According to Core Data Documentation, you should not keep fetching to see if objects exists.
There are many situations where you may need to find existing objects (objects already saved in a store) for a set of discrete input values. A simple solution is to create a loop, then for each value in turn execute a fetch to determine whether there is a matching persisted object and so on. This pattern does not scale well. If you profile your application with this pattern, you typically find the fetch to be one of the more expensive operations in the loop (compared to just iterating over a collection of items). Even worse, this pattern turns an O(n) problem into an O(n^2) problem.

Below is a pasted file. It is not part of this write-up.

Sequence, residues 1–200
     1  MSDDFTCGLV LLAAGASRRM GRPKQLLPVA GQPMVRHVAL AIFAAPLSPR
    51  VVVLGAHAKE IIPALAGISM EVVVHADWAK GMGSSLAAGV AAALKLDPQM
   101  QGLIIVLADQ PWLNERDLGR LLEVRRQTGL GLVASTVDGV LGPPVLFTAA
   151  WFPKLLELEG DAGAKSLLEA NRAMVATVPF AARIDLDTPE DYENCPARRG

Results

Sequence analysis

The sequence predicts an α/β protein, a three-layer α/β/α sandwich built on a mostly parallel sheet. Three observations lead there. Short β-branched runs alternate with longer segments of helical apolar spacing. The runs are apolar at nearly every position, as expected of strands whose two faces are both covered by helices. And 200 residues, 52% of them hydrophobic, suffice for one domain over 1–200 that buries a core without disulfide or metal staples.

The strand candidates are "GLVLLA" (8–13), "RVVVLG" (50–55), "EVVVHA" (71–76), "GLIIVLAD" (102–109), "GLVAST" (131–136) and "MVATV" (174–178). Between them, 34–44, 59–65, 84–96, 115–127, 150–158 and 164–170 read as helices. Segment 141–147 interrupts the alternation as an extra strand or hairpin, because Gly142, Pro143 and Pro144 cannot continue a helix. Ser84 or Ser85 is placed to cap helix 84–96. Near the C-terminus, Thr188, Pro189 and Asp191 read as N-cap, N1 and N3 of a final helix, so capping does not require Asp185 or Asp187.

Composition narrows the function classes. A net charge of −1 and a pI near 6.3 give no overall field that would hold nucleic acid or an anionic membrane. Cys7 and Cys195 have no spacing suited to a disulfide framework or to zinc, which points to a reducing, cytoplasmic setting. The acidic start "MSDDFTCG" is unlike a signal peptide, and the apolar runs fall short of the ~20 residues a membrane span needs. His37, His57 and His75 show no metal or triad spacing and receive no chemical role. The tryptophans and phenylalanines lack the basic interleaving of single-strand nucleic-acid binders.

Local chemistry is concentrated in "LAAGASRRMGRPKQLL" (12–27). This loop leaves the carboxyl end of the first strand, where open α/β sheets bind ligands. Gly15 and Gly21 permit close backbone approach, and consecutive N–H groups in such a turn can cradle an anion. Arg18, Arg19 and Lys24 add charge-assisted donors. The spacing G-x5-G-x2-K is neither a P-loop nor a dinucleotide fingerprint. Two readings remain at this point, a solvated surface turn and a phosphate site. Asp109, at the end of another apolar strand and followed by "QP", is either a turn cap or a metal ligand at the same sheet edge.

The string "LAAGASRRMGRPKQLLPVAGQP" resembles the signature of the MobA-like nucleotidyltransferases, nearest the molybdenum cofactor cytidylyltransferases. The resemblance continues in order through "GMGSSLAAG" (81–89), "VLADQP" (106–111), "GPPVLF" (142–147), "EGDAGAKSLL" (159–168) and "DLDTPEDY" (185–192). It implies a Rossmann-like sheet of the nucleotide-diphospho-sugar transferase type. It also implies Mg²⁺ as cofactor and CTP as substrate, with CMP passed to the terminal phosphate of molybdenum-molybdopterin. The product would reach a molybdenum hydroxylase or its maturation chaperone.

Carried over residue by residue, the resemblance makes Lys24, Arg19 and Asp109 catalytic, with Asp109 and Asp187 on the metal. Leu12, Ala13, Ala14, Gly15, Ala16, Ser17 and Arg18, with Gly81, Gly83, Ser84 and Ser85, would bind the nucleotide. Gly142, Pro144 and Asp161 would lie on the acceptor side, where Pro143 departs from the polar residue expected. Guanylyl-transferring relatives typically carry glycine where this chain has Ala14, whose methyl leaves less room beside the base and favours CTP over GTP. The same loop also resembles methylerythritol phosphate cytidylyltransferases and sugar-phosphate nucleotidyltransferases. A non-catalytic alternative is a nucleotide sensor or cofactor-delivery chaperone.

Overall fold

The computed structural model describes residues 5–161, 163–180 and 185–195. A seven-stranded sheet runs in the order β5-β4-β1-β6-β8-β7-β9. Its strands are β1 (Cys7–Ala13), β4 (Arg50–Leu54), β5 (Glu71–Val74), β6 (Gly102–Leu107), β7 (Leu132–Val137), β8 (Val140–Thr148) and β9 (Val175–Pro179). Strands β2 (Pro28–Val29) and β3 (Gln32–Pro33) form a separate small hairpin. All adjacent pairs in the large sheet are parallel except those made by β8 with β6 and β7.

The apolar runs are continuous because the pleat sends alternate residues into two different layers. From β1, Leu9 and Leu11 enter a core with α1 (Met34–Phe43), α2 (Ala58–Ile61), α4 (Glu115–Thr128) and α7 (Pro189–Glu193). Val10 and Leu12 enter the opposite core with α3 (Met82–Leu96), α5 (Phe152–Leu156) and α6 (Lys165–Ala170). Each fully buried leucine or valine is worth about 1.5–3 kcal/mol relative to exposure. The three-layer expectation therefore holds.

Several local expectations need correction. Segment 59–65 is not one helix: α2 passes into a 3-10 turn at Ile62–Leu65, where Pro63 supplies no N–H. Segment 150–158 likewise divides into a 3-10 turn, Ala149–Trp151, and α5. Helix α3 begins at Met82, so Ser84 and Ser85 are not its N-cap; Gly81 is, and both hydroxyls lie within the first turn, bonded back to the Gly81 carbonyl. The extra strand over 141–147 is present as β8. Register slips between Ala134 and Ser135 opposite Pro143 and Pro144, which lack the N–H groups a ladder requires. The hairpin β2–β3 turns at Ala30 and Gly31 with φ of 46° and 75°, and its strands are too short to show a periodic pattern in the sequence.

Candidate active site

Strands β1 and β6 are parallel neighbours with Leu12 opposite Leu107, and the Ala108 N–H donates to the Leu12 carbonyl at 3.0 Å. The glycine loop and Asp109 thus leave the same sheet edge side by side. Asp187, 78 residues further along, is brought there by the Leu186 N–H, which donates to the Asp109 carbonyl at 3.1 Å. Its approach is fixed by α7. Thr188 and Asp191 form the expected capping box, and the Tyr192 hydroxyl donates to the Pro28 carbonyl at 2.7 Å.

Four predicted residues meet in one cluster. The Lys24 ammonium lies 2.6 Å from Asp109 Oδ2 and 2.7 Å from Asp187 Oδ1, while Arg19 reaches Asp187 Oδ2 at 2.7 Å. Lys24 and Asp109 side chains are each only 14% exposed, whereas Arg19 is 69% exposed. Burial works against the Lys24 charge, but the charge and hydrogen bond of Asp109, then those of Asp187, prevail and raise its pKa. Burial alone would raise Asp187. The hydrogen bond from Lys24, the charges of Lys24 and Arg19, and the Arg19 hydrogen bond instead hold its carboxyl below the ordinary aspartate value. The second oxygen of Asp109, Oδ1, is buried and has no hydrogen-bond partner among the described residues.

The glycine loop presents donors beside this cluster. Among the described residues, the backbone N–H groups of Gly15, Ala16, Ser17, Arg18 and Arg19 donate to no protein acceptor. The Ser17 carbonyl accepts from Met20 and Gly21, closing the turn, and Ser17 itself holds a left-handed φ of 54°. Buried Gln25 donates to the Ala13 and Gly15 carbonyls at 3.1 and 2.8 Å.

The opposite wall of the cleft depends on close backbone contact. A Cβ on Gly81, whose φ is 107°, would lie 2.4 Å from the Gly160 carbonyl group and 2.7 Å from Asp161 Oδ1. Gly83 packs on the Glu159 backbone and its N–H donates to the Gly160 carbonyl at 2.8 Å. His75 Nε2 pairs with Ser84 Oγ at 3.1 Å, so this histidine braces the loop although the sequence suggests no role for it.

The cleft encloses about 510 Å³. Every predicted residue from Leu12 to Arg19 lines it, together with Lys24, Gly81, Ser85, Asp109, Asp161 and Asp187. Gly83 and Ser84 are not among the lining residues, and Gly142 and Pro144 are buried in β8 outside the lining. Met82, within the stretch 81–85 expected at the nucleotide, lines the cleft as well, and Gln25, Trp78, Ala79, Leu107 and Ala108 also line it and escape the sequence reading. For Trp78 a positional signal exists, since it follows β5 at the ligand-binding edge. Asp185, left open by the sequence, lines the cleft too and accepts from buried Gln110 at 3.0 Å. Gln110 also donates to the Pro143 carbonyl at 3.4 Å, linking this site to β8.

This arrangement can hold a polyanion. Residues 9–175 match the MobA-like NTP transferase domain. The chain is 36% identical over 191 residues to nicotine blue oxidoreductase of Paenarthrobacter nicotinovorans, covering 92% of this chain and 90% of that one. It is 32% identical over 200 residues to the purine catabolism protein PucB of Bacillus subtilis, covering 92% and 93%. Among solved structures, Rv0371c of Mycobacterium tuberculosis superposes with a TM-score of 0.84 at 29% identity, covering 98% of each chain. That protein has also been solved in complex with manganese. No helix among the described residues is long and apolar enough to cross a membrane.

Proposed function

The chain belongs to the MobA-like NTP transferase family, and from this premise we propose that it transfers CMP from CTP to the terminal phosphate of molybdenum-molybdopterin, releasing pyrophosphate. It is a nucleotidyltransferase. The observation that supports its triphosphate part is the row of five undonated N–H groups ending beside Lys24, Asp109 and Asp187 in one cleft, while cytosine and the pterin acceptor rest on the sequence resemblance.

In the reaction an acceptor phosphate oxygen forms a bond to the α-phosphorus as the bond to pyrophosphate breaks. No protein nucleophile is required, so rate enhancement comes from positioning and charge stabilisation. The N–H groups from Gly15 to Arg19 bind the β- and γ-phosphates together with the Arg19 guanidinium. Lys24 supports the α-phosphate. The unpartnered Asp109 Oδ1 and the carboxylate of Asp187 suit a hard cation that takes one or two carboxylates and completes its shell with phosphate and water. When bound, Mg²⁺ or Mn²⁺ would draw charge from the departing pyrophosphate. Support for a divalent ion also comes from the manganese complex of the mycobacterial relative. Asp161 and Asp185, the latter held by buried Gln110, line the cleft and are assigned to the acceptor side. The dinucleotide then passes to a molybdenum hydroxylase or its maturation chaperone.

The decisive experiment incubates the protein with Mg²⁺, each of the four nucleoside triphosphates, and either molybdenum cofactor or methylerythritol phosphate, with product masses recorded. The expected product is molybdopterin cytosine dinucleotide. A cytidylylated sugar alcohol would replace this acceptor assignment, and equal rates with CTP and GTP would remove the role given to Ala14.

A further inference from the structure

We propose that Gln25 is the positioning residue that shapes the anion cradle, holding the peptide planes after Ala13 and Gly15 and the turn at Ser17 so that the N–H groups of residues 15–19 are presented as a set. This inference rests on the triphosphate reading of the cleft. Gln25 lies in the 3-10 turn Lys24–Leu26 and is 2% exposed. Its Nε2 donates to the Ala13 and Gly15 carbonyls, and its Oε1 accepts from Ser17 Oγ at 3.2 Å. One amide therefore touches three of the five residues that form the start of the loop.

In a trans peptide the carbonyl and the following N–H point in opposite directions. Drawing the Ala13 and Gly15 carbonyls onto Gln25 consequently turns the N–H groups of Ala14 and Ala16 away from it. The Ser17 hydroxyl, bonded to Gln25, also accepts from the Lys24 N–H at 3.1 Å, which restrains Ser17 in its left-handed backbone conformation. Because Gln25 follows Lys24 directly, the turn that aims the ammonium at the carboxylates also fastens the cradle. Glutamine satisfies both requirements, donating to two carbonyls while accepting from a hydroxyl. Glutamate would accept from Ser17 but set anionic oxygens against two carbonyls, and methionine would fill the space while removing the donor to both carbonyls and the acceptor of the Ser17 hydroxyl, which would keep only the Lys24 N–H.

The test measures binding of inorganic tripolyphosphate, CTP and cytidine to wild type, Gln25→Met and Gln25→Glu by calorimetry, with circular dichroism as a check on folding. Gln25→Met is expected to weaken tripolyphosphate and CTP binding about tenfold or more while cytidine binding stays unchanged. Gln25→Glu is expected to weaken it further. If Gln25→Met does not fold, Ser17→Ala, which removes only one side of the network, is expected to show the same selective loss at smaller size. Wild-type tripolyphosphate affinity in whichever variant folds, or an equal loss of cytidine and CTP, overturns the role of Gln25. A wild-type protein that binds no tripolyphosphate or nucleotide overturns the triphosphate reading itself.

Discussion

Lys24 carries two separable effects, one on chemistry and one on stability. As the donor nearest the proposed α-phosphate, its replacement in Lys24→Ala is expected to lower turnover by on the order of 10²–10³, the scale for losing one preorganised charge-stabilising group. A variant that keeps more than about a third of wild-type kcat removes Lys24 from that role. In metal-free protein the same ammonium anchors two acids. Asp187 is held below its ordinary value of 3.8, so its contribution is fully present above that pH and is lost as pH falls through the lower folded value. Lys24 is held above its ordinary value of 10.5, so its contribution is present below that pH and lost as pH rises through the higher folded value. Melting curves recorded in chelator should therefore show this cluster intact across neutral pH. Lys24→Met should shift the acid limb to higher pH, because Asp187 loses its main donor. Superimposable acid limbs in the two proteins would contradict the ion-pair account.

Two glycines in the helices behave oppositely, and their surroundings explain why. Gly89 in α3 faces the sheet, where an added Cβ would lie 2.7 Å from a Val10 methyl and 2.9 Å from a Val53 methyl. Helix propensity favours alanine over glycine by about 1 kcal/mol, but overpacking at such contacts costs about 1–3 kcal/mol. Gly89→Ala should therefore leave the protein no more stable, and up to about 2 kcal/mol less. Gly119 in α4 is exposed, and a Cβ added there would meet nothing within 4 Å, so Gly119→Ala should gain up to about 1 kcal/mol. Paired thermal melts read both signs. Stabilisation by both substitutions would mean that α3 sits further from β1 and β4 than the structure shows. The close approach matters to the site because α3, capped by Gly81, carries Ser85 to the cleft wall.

Edit March 16:
I am not a db expert, but since people are asking for a more efficient solution, consider this set:
set1 = [apple, orange, banana, pineapple, lettuce]
We want to find out if
[mango, apple, grape] is a part of this set.
The docs tell us not to iterate through [mango, apple, grape] and query the database looking for each item in turn because this is slow.
Consider this solution:
Hash the sets on the server side:
hash([mango, apple, grape]) = 234095dda321affe...
You can then bypass Core Data completely by asking the server if anything changed.
If the sets are different, you can then dump the objects in a managed object context and do a bulk save.
If you were really looking to see if each object in turn was a part of the set, you could do a fetch based on an indexed characteristic, such as "fruit with skin".